Draw and write every day. Make it part of daily life. For example, before going to the supermarket, check out the items you would need to buy with your child. You can write or draw pictures of the groceries you need. At the supermarket, point out the items and put them in the basket together. This will help your child understand and relate the words to the groceries.
Extend your child's learning

Extend her learning. By using familiar rhymes, get your child to draw the scene of his favourite rhyme or character such as 'Humpty Dumpty' or 'Little Miss Muffet'. These nursery rhymes can also build on your child's vocabulary by teaching her new words and phrases. Further extend her learning by acting out the rhymes.
Alphabet song and chart

Sing the Alphabet Song with a chart. This will help your child identify the letters of the alphabet. You can also start introducing things beginning with the letters. Make it fun by playing the game " spy with my little eye something that begins with the letter 'a' in the room".

Provide a good variety of materials. With thick crayons, colour pencils, markers and paper, you can both make cards for birthdays or special occasions such as Fathers' Day, Christmas, Chinese New Year or Hari Raya, Discuss with your child what he would like to write on the card. Write out the words in print for your child to copy. 

Provide a variety of materials

Drawing and writing. Keep stationeries, drawing paper and notebooks where your child can access easily. Encourage him to practise writing his name or draw pictures. Ask him to talk about his creation when he is done. This allows him to practise his communication and fine motor skills.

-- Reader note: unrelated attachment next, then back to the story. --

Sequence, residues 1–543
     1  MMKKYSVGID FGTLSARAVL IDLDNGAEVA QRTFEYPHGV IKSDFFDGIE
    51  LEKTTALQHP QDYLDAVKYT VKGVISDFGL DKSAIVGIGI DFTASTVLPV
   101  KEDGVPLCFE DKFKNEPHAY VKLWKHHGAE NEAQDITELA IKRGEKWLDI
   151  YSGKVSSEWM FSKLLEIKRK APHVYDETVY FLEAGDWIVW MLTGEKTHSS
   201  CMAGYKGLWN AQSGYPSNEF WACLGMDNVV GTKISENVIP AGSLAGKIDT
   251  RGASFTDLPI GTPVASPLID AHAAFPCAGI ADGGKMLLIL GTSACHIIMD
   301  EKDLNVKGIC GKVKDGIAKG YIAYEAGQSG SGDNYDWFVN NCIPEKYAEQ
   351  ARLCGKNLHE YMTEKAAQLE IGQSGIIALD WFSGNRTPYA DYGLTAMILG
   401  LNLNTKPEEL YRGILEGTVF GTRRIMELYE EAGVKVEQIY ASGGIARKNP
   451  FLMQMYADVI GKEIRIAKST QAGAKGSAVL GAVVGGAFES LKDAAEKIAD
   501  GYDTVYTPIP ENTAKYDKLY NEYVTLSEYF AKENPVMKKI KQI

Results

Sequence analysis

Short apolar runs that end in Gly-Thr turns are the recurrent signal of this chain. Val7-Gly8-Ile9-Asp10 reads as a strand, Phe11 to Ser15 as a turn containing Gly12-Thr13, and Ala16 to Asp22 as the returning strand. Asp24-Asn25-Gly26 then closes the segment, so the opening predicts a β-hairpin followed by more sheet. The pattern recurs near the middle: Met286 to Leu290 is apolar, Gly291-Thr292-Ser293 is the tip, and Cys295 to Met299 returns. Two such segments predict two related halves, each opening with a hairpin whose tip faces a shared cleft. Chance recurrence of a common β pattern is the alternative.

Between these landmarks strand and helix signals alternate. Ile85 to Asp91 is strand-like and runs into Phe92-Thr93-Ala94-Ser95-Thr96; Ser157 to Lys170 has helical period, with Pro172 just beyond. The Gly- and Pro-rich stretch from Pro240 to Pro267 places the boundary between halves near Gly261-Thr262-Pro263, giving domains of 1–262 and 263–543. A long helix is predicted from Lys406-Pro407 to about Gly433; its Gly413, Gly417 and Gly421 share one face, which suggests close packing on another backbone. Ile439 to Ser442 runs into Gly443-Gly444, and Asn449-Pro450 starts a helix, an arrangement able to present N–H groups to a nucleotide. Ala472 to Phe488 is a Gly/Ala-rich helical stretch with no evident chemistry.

Use storybooks and songs. Make Mother Tongue language story books and songs accessible in your home. Read stories and learn songs and nursery rhymes in your Mother Tongue together with your child. You can even do role-play in your sing-along songs. This enables your child to acquire a second language while having fun! 


Use storybooks and songs for role play

The Mother Tongue language is just as important. Provide a conducive environment to encourage your child’s acquisition of both her first and second languages. Introduce words and read to her in both languages. Let her see and hear you speak in both languages. By seeing and hearing how the languages are used, your child will eventually learn to use them herself.

Add humour! Children love rhymes, repetitions and jingles. Words like, “itsy, bitsy” or “wiggle, giggle” make children laugh. Incorporating rhymes and rhyming words into dialogues and play can help your child become aware of how some word sounds are similar. When your child is ready, take turns with her to think of as many pairs of rhyming words.

Engage in pretend play. Your child can pretend to be one of the characters, or go to the places in a book he has read. He may choose to use phrases in the book or make up his own lines. This enhances language skills and imagination. To separate reality from fantasy, bring your child back to real life after the activity.